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Discussion Starter · #1 ·
I decided to try a new (at least to me) way of feeding dry sugar.









We will see how it works out, but I think it should be good.
 

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I tried some heavy brown paper as a wrap for sugar bricks and the bees had a hard time getting thru it. It is so easy to make no heat sugar bricks that I doubt I need any new innovations on this line. However when I put supplemental feed on when I wrap my bees for the winter it will always be mountain camp in the future. I like the bricks after the bees are more mobile yet before liquid feeding is possible.
 

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Discussion Starter · #6 ·
Currently feeding this? Why not just liquid feed?
Because it is raining and the highs barely break 50F, we have about 2-3 weeks to the first good flow and they are eating it.

What are your experiences with simply pouring sugar in a frame feeder?
I have never tried that.

I tried some heavy brown paper as a wrap for sugar bricks and the bees had a hard time getting thru it. It is so easy to make no heat sugar bricks that I doubt I need any new innovations on this line. However when I put supplemental feed on when I wrap my bees for the winter it will always be mountain camp in the future. I like the bricks after the bees are more mobile yet before liquid feeding is possible.
That is why I used light weight paper lunch bags. Easily fits 2.5-5 lb sugar. I usually do use the mountain camp method, however I wanted to try this and it was quick and easy.
 

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Discussion Starter · #8 ·
Well here are the results.

 

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My bees ate very little of the dry sugar; perhaps a pound, and are now carrying it out and dumping it. I notice some falls down and gets into cells. Perhaps that is what is putting them off, as they are just nicely getting into brooding. There is lots of honey left so they are thumbing their nose at the sugar.

Perhaps it makes a difference in your local climate and humidity and how you ventilate your hives, whether you should moisten it or put it up dry. Maybe there is no "one right way" to do sugar feeding.
 

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My bees ate very little of the dry sugar; perhaps a pound, and are now carrying it out and dumping it. I notice some falls down and gets into cells. Perhaps that is what is putting them off, as they are just nicely getting into brooding. There is lots of honey left so they are thumbing their nose at the sugar.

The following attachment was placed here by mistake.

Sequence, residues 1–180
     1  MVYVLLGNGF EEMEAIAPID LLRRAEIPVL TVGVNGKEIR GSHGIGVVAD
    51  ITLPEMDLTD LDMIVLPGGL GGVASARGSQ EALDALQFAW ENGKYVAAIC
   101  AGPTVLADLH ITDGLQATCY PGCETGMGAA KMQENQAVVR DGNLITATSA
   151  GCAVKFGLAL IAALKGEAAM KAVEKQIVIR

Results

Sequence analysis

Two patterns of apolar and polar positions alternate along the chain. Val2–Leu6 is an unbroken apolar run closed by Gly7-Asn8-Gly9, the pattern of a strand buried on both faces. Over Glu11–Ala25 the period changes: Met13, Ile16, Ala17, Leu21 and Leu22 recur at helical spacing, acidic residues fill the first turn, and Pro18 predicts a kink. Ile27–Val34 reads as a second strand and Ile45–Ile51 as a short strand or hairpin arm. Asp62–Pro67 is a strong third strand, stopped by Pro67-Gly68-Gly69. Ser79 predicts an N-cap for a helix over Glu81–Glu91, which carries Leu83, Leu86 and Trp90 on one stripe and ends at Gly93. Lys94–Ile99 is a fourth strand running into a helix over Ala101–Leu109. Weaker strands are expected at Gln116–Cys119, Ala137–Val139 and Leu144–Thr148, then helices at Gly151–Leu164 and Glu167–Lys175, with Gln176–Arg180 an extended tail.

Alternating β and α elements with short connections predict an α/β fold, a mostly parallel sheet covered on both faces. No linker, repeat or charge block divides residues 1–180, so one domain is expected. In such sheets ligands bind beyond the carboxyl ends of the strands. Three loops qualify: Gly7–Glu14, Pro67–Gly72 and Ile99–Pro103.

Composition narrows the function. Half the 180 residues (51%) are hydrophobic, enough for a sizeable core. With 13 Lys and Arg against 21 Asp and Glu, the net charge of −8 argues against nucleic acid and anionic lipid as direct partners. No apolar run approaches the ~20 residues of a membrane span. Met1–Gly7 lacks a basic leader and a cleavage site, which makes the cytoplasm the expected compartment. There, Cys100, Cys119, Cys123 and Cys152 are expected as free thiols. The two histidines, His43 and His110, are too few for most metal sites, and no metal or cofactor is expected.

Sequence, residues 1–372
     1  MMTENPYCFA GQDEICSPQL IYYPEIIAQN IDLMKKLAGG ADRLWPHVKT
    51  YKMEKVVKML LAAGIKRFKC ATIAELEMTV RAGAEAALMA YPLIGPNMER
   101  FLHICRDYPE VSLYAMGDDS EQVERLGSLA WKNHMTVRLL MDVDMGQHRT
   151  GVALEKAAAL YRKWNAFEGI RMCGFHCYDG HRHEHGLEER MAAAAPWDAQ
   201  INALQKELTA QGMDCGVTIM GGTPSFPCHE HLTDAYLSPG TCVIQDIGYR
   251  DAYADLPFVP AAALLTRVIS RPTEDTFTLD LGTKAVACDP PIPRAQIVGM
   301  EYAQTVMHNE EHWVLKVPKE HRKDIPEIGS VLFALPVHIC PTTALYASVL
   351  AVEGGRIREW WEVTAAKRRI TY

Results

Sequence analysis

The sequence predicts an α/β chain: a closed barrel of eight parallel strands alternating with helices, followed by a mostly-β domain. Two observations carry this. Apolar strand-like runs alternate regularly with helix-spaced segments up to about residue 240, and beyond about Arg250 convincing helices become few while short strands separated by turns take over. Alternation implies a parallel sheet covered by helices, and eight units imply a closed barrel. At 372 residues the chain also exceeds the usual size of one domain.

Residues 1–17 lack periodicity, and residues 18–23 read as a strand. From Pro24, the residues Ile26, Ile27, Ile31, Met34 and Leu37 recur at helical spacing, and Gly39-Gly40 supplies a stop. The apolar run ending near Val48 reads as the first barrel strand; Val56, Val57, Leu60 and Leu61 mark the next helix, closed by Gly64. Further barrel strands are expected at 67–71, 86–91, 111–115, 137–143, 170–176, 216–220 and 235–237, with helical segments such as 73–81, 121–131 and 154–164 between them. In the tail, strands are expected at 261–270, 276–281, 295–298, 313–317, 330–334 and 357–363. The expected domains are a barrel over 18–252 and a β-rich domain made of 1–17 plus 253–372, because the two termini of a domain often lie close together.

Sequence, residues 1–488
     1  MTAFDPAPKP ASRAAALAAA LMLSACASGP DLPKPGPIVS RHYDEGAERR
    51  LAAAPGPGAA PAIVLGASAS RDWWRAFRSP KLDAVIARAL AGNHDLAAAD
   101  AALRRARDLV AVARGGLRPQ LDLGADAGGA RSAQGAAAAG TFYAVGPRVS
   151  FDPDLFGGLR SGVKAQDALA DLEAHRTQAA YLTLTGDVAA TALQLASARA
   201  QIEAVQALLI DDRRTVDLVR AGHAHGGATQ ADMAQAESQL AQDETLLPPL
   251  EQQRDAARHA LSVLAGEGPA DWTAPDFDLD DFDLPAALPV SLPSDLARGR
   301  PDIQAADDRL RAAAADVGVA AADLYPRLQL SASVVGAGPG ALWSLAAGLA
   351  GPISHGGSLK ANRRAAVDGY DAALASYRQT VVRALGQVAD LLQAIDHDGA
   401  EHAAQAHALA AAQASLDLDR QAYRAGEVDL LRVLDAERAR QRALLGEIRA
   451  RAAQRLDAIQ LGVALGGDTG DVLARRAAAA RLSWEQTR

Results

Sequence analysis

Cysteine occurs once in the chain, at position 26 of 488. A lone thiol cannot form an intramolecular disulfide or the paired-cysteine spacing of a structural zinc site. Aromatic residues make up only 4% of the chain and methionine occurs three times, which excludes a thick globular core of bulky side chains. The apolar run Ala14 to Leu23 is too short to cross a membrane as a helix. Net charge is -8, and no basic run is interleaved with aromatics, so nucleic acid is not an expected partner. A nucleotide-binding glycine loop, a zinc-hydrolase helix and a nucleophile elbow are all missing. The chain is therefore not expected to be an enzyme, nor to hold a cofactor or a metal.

I find that they will take fondant at any time of year. Even with lots of honey in the hive.
 

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It is just as easy to mix water into dry sugar until it gets slightly slushy. Spread out on waxed paper or plastic wrap overnight -- you can mold it if you want into "bricks". It will harden up enough to move it as one chunk, which you can then put on the hive as needed. If you make them thin, they will fit under an inverted cover, or use a box.

It's also quite easy to put a sheet of newspaper on top of the frames and pour dry sugar on top. You can use an empty super for the space. Easier than messing around with bags and water, but much of the sugar will simply pour through the hive when the bees rip the paper out unless you dampen it, in which case you could have made the bricks instead just as easily!

Peter
 

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Discussion Starter · #13 ·
It is just as easy to mix water into dry sugar until it gets slightly slushy. Spread out on waxed paper or plastic wrap overnight -- you can mold it if you want into "bricks". It will harden up enough to move it as one chunk, which you can then put on the hive as needed. If you make them thin, they will fit under an inverted cover, or use a box.

It's also quite easy to put a sheet of newspaper on top of the frames and pour dry sugar on top. You can use an empty super for the space. Easier than messing around with bags and water, but much of the sugar will simply pour through the hive when the bees rip the paper out unless you dampen it, in which case you could have made the bricks instead just as easily!

Peter
All true. Sugar bricks and mountain camp feeding are easy approches. So is this, in fact I thought it was easier (granted not by a huge margin), and it seemed to work well. If I have to pop the top in poor weather I will use it again.
 
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